American OEMs are racing to deploy state-of-the-art technologies in their newest models so that customers gain real value from internet-connected trucks, electric vehicles and semi – or fully autonomous rides. They also understand the grave risks that cyber-attacks pose to passenger vehicles and fleets of shared vehicles. These two factors are contributing to a true inflection point in the development of smart mobility solutions. In particular, autonomous trucking fleets stand to benefit enormously from enhanced safety, cargo transport reliability, and with companies similar to Paxata assisting with gathering a wealth of data monetization opportunities.
For passenger vehicles, the Internet Browser on Wheels will soon vie for your clicks, likes and views just like your smartphone does every day. Autonomous driving will be an absorbed experience browsing the web. While traveling from point A to B, people will get work done, make e-commerce decisions, and use infotainment systems as they do Google Chrome or Safari. All of this personal data and browsing history is currently left in the vehicle unprotected and available for viewing by anyone riding inside.
Automakers remain keenly aware that it’s difficult to keep driver information private, and even harder to get drivers to give up their data. That’s important when it comes to the development of new self-driving technologies and automotive insurance offerings calculated based on trusted drivers with clean records. However, the true challenge remains of how to ensure collected driver data gives value back to the customer while keeping personal information confidential. Only Trillium Secure has a complete end-to-end system of trust for data integrity. With security from chip-to-cloud, aspects of the mobility experience like private phone calls, work emails and other sensitive data will be protected. This type of feature may appeal to a particular set of customers that value discretion and certitude of one’s data security. Studies have shown that a strong cybersecurity posture will be key to remaining relevant and profitable in the age of convergence for automotive.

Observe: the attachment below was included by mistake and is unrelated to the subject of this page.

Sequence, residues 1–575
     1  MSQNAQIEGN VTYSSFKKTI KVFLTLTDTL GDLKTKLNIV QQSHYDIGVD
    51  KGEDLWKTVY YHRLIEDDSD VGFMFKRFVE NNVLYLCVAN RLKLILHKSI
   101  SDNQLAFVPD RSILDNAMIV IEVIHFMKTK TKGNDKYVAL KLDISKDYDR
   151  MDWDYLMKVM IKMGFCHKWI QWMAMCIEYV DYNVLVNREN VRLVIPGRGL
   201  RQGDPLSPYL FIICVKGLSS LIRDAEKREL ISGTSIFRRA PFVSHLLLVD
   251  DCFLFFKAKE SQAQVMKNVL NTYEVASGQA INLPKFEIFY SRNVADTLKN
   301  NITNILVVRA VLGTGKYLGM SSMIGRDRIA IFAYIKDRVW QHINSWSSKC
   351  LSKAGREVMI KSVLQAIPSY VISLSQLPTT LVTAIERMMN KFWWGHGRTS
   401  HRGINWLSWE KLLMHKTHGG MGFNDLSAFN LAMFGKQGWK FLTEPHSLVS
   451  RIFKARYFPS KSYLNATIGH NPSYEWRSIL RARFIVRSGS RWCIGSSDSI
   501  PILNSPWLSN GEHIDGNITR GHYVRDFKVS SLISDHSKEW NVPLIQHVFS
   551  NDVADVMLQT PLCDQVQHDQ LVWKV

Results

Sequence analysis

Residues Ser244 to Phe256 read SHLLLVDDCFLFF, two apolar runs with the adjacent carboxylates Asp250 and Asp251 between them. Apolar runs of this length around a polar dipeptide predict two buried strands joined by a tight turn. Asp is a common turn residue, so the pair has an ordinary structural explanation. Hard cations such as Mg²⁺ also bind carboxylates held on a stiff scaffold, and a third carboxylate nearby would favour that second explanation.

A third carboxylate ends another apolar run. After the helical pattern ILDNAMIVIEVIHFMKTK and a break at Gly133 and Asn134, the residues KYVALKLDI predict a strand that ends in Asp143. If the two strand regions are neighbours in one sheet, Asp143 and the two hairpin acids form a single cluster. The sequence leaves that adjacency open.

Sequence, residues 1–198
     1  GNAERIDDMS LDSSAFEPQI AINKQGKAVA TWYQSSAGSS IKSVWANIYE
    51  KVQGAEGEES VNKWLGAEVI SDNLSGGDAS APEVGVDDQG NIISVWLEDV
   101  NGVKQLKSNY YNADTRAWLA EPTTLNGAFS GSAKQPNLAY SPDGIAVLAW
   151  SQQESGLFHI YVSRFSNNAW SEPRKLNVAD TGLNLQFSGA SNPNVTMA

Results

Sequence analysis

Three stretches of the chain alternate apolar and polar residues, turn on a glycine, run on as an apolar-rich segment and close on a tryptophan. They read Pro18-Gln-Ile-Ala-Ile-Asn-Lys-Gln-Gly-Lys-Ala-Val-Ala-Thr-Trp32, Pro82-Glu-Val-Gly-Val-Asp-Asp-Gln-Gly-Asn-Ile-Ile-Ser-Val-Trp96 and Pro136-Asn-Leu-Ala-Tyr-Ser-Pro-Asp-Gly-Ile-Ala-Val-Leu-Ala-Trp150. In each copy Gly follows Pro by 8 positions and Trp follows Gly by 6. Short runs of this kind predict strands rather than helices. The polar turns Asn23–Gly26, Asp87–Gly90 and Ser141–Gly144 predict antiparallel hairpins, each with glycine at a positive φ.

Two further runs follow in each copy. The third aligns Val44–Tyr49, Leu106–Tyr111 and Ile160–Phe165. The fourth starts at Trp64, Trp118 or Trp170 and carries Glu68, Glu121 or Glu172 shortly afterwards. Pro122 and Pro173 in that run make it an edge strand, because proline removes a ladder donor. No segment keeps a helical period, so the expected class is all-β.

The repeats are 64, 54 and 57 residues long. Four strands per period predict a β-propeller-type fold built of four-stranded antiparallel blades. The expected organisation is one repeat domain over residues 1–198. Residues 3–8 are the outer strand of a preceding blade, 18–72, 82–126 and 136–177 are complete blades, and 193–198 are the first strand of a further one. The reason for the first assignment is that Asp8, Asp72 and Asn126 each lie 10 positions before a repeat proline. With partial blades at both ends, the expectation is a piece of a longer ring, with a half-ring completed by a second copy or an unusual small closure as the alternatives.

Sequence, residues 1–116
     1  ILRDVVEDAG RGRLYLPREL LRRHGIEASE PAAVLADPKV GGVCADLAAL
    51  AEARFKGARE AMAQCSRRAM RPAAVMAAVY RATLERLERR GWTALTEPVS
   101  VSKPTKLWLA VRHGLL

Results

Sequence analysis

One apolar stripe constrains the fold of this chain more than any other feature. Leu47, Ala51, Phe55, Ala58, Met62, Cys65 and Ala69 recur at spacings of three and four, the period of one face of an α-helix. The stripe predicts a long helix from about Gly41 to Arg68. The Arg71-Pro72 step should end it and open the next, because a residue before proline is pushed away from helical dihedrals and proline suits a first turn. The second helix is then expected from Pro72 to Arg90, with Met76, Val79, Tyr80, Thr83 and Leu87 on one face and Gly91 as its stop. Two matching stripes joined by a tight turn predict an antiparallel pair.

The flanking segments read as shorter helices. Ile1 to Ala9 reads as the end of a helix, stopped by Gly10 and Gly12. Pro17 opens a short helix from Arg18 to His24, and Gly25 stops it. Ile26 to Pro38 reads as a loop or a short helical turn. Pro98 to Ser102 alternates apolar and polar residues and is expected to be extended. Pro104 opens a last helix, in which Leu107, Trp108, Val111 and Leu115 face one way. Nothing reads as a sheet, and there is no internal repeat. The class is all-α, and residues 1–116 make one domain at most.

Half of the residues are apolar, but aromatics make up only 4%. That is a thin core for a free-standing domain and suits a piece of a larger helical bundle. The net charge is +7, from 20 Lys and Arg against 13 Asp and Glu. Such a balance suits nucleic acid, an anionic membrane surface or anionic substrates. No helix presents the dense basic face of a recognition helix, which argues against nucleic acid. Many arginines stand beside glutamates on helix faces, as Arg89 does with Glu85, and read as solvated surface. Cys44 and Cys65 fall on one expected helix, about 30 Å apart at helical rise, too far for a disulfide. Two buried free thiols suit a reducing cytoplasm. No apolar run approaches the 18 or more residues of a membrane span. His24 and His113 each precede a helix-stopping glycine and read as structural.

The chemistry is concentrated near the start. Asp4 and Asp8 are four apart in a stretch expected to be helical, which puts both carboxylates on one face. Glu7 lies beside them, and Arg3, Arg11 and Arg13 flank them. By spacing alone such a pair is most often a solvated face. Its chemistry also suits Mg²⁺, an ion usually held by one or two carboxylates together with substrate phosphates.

The old model of mobility consumption, namely entitlement to driving one’s own vehicle, will gradually phase out and what’s projected to grow are mobility-as-a-service and ridesharing apps. This trend is particularly true among millennials, high-cost urban area residents and smart school campuses. Millennials may even purchase (not rideshare) a fully-loaded and secured vehicle that has features to ensure their privacy. After all, the popularity of Snapchat, Instagram and other ephemeral social platforms have proven activity data deletion is monetizable. Future generations of mobility consumers will ultimately still view vehicle safety as most important. Therefore, the Internet Browser on Wheels must be kept secured – it’s a trusted and safe way to stay connected while on the road.
Automakers have a lot on their plate: cutting-edge technologies are converging in the mobility space. Machine learning, blockchain, autonomy, and a multitude of sensors all produce mass quantities of data. All of these endpoints within mass-produced, high-quality connected and autonomous vehicles must have excellent cyber-physical health so that automakers can bridge the gaps between autonomy, electrification and connectivity. At Trillium, our Trusted Mobility Platform and Services provide an onramp to these goals. Learn more at trilliumsecure.com about our embedded IoT cyber-defense solutions, our secure over-the-air update technology, enterprise blockchain technologies, and adaptive intrusion detection and prevention systems for automotive.